Union Budget 2019 India: The Interim Budget FY20 brought in relief for the small and marginal taxpayers as the then acting Finance Minister announced the extension of tax rebate to include people with taxable income up to Rs 5 lakhs. Even though reduction in Corporate tax rate was a highly anticipated move, the interim budget had disappointed India Inc.
So now as the newly appointed Finance Minister invited suggestions from India Inc for Budget FY20. There is a budding hope that the Union Budget 2019 might take care of the woes of India Inc. As a result most of the recommendations received are reduction in rate of corporate tax, reduction of Minimum Alternate Tax and reduction in dividend distribution tax.
The Finance Minister in his FY16 Budget speech had promised to reduce the basic rate of Corporate Tax from 30% to 25% progressively in 4 years. The benefit of plunge in tax rate was enjoyed by the small and medium sized companies which was incorporated gradually in 2 years. Since then all the large companies are lobbying for the rate cut.
Presently Minimum Alternate tax (MAT), which is levied on businesses, is calculated at 18.5 per cent on book profits. It attracts surcharge and cess. India Inc wants it to be reduced to 10 per cent. Currently MAT credit can be carried forward for 10 years, the industry has demanded for extension of this period to 15 years.
Dividend Distribution Tax is levied on company, plus additional dividend tax is levied on the shareholder who receives dividend in excess of Rs 10 lakhs. India Inc wants this double taxation to be discontinued and that tax should be levied in the hands of shareholders only rather to the company. In an ideal world, this would increase amount of Dividend distributed to the public and finally more free cash in the hands of low income tax group.
Between 1985 to 2018, the average global corporate tax rate has fallen by more than half, from 49 per cent to 24 per cent. The corporate tax rate in India is 35% inclusive of surcharge and cess which is the highest among the BRICS and also among other Asia-Pacific countries.
Post election results, The Ministry of Finance has moderated the tax collection targets of smaller cities while increasing it for the bigger centres like Mumbai and Delhi for financial year 2019-20. But no revision has been made to the budgetary target that was announced in the Interim Budget.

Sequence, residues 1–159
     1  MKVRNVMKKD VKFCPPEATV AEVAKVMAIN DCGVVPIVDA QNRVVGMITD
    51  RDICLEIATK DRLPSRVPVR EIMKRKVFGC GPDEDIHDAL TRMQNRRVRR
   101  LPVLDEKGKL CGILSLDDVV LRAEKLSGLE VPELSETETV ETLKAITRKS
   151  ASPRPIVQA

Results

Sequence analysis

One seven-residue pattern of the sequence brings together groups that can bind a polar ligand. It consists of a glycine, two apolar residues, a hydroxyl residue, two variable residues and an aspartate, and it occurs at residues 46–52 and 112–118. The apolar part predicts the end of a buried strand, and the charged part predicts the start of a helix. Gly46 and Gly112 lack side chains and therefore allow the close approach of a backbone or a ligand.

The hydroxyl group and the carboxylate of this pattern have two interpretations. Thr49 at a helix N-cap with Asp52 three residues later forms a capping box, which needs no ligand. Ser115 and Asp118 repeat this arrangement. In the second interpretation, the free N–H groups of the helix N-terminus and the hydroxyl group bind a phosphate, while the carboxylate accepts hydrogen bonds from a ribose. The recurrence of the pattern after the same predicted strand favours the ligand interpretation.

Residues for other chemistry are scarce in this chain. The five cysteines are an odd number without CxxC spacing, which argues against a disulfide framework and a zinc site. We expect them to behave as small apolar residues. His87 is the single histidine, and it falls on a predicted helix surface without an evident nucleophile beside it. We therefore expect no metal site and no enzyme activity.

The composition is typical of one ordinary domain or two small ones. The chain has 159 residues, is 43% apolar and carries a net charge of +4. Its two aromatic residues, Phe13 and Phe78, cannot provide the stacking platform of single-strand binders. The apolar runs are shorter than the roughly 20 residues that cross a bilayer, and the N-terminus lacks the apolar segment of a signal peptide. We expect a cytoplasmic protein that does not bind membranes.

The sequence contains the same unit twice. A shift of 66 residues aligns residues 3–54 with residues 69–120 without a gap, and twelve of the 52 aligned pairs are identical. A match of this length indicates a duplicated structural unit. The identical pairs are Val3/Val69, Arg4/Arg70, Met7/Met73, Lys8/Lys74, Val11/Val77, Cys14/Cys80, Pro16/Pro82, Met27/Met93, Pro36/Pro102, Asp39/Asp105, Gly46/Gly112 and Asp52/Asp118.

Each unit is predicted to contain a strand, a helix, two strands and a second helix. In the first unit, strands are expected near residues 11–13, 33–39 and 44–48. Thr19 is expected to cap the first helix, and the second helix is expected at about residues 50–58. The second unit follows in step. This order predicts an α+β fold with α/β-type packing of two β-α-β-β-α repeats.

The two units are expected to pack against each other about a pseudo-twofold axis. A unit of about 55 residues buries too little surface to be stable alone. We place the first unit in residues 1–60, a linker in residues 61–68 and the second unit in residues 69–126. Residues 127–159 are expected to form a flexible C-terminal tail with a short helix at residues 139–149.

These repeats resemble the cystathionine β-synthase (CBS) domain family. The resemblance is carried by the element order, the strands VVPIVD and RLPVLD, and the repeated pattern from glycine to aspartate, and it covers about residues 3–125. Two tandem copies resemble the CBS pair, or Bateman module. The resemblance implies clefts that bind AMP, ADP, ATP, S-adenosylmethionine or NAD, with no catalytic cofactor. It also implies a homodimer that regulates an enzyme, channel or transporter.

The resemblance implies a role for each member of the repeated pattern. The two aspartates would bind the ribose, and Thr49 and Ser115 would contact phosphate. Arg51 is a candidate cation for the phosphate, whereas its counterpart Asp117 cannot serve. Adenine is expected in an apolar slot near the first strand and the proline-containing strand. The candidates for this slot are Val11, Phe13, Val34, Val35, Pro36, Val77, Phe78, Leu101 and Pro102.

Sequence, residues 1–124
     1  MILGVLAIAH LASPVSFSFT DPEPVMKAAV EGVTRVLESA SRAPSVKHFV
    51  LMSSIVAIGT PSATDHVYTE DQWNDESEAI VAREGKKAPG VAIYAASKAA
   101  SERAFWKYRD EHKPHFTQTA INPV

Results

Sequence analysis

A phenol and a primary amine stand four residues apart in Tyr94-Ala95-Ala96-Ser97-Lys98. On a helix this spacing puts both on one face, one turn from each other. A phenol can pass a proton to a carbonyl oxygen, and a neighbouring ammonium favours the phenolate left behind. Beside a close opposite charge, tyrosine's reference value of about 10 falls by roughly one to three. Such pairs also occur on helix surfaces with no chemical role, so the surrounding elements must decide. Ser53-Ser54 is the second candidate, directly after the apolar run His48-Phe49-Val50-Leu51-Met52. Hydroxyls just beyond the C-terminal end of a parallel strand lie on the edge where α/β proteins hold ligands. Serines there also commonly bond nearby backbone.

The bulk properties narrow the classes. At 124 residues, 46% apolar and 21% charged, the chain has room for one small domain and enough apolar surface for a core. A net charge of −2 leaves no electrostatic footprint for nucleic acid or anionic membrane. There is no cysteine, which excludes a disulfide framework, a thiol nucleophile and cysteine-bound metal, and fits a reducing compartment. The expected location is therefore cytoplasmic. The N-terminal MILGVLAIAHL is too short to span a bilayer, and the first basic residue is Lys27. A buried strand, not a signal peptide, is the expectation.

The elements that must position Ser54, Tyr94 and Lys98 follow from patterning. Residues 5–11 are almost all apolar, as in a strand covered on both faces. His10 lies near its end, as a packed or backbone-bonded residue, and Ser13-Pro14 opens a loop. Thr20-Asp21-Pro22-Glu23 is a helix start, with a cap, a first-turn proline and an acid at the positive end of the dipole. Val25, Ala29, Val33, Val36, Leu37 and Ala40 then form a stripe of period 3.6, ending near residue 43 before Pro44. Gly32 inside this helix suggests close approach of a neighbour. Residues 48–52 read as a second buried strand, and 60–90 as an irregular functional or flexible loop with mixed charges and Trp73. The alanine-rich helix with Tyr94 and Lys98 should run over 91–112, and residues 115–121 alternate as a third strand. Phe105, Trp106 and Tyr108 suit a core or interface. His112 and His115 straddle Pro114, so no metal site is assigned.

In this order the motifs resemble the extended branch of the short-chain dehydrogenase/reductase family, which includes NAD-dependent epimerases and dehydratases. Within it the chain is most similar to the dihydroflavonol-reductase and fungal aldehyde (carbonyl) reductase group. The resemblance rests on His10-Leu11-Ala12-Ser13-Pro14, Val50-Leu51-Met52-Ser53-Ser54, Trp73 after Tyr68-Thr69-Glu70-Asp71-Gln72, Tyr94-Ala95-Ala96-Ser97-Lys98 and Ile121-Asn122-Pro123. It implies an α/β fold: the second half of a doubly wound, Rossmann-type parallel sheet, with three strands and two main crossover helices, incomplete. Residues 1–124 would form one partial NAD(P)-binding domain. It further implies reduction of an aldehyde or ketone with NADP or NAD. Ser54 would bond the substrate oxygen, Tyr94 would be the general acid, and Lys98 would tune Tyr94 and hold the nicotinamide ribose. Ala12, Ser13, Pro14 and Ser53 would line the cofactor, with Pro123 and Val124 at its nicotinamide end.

Further the economy is in a slowdown. The economic growth rate recorded in January-March 2019 quarter was 5.8% which happens to be the lowest recorded so far in the past five financial years. As per the Central Statistics Office (CSO), the growth in gross domestic product during the 2018-19 fiscal stood at 6.8 per cent, lower than 7.2 per cent in the previous financial year. So the primary focus of the government is expected to be areas, the growth of which will come as a boost to the already sluggish economy.
India being a traditional Agrarian Economy absorbing most of the nation's employment, bringing reforms in that sector would be as good as killing two birds with one stone. As hinted by the former Finance Minister earlier rural sector, infrastructure, real estate, employment and banking sector are on the priority list of the government. But as a matter of fact Foreign Direct Investment plays an important role in the economic development of a country. The capital inflow of foreign investors allows strengthening infrastructure, increasing productivity and creating employment opportunities which are the points in focus for the government currently.
Most Indian companies are lagging behind both in terms of International competition and attraction of foreign investment. In the latest world investment report it is revealed that Asia accounted for 39% global foreign direct investment, most of which went in favour of China. China's corporate tax rate is 25% which gives it an edge over India in terms of Foreign Direct Investment. It is clear that bringing down the tax rate would enable companies to have greater surplus for investment in capacity expansion and augmentation of business which in turn would aid in fetching Foreign Investment and would enable India Inc to emerge as a strong competitor in the global arena.
The interim budget primarily focused on Personal Income Tax rather than Corporate Tax. This brings a ray of hope for India Inc as Union Budget 2019 might focus on Corporate Tax matters.
FY20 being the last year of the timeline set by the past Finance Minister for progressive reduction in Corporate tax rates, it would be interesting to see whether the government keeps its promise or disappoints India Inc once again.
(By Gaurav Mohan, CEO, AMRG & Associates)